CULTURE

Great small hotels with strong characters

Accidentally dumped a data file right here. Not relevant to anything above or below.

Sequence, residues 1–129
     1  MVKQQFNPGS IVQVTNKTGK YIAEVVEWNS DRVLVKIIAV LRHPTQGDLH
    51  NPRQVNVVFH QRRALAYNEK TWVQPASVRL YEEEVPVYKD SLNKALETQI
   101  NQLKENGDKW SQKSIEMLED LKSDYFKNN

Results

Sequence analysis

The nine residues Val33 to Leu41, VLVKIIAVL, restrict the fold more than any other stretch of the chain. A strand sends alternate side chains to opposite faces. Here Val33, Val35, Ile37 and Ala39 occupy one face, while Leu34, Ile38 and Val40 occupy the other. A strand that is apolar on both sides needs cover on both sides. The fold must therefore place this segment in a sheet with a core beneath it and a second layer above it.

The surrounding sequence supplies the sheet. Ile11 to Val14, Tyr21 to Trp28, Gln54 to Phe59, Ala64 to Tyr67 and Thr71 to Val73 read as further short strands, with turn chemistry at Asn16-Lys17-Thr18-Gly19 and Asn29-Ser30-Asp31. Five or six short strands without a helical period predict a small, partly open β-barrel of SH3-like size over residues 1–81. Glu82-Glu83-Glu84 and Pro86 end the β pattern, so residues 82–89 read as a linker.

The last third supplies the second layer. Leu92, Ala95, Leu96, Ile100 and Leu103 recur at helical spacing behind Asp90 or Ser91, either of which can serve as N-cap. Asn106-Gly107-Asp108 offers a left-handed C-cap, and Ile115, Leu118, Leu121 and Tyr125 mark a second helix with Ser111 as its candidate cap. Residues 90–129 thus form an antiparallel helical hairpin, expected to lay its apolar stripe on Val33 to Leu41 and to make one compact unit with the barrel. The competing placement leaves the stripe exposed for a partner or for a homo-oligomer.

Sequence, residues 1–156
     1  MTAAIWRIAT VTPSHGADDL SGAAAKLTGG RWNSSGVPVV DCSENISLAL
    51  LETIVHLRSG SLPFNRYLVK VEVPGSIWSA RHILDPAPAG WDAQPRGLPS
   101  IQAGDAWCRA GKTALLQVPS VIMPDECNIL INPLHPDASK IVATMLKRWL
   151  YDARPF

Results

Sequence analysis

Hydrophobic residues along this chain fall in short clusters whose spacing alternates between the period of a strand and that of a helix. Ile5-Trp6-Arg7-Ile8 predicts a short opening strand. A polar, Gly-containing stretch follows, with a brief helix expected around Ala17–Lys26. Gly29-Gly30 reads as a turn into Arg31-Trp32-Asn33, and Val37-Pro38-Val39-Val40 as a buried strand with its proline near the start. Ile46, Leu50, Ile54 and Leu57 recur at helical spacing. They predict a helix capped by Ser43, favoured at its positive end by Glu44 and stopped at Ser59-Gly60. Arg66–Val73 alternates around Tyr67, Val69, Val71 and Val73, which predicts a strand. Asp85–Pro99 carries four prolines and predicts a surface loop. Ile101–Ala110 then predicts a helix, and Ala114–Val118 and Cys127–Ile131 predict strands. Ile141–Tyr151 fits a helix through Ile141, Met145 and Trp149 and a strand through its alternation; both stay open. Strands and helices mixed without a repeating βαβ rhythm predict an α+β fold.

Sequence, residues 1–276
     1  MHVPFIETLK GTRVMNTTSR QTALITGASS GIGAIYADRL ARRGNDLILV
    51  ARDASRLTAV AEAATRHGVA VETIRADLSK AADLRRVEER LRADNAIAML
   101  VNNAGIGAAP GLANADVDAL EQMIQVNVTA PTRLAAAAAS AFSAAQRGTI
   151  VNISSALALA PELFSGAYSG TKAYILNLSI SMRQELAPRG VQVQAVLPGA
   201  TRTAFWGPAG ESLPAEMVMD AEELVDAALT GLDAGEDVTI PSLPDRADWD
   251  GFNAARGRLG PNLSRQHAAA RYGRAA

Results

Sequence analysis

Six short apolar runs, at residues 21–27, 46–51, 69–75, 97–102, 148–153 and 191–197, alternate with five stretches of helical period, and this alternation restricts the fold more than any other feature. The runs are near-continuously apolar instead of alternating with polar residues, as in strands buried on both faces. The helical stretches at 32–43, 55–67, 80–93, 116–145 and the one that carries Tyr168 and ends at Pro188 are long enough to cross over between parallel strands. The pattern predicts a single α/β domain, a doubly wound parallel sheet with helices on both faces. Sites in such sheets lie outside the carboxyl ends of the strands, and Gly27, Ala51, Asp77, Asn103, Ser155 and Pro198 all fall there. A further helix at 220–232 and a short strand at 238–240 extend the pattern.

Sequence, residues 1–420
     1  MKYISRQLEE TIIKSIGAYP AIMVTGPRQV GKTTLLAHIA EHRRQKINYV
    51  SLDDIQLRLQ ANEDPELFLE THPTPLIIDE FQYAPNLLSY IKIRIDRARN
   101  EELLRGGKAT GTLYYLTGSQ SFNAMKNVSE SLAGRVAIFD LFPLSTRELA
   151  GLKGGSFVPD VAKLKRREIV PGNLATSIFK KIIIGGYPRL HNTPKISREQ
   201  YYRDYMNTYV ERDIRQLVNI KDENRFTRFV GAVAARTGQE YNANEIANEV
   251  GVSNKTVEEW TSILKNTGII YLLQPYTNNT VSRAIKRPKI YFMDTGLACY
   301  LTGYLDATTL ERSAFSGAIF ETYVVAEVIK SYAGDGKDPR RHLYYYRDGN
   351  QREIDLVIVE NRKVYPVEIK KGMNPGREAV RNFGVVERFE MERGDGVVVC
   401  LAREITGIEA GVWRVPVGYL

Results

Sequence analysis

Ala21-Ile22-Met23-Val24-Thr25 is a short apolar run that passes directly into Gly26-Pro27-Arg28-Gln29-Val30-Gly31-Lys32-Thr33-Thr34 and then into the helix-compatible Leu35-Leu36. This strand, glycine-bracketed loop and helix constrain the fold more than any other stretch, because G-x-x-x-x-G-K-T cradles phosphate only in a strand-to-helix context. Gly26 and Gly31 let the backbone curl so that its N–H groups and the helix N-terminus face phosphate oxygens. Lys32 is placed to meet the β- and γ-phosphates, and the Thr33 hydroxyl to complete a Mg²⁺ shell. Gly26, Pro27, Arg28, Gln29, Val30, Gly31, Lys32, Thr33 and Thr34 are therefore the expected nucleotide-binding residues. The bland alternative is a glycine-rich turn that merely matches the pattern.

Looking for a water massage after a day on the ski slopes? Or maybe a rich homemade breakfast followed by horseback riding? These days, Greece has it all. Published by Explorer publishers (in both Greek and English, with the Greek edition already in its second print), Jacoline Vinke’s «Great Small Hotels in Greece» is a series of lovingly written portraits of hotels and guesthouses full of character – mostly run by people with strong characters. Born and raised in the Netherlands, Vinke studied in London and went on to work in Paris as an economist for the Organization for Economic Cooperation and Development and the United Nations Environment Program. Living in Athens for the last four years with her Greek husband and two children, Vinke witnessed a lack of guides suggesting cozy, alternative vacation spots. A career change seemed inevitable. With previous writing experience in OECD climate-changing policies, however, the search for a new pen style was vital. «I went from an inspector style to that of a brochure, and little by little got a feeling about how I wanted to do it. In the end I tell the story the way I would tell it to a friend,» said Vinke. The result is a reader-friendly travel manual based on extensive desk research (including an initial 300 phone calls) which began three years ago, complemented by and one and a half years of copious yet rewarding travels. The work finally culminated in a selection of more than 100 hotels and guesthouses from Epirus to Crete, ranging from breathtaking sea views of the Aegean to beautifully refurbished mansions and country estates, as well as local examples of boutique hotels. «Greece is not only white and blue, there is a lot of green,» said Vinke. «In a way, this started as a mainland project. On the islands the separation between small hotels and city hotels was less clear, whereas on the mainland, some hotels are wonderful and handled with so much care. In Greece people tend to spend their summer holidays in places they know and enjoy, while in the winter, they try to explore different parts. As for the tourists, it would be nice for them to explore more of the mainland.» Though the author concedes that her research for the book did not reveal a multitude of hidden treasures, readers will feel that they already know their potential hosts. Take British Jill Sleeman, for instance, who bought a 130-year-old neoclassical house in Pilion’s Mouressi, turning it into the Old Silk Store guesthouse – from where guests take off for beautiful organized guided walks led by the owner. Further north, in Kastoria, Tasos Sfinarolakis bought the 150-year-old mansion that housed the boarding school he attended as a boy, and transformed it into a hotel where local architecture mixes with Indonesian-style furniture; or even George Tzavellas, who together with his wife Theodota run the Mourikiou guesthouse, near Ptolemaida. One of the book’s true findings (you won’t find it in hotel books and the area is not high on tourist lists), the guesthouse rests at an altitude of 1,600 meters and features comfortable, cocooning facilities on the inside coupled with spectacular views and activities on the outside. During her travels the author came across passionate people who had given up one life for another. In Megalo Papingo, for example, Nikos Saxonis, a former advertising executive, and his wife Poly, a former clothing store owner, run the Saxonis Houses, having abandoned Athens in the late 1980s. Besides hotel profiles, the book also provides practical information such as price ranges, credit card policy, whether places are suitable for traveling with children and whether establishments accept pets. Having completed the book does not mean that the project is over, as Vinke is the recipient of a bulk of e-mails with fresh suggestions from readers; about 40 of them seem to be worth visiting. Was the ambitious writing and traveling project an opportunity to appreciate Greece a little more? «I already loved the country; I have never been one of those complaining foreigners,» said Vinke. «I don’t find everything easy here, but I am grateful to this country, for giving me the opportunity to do a project like this. Here, if you have a great idea, together with the energy, you can go for it, and it can work.» It worked for these charming hotels and guesthouses too.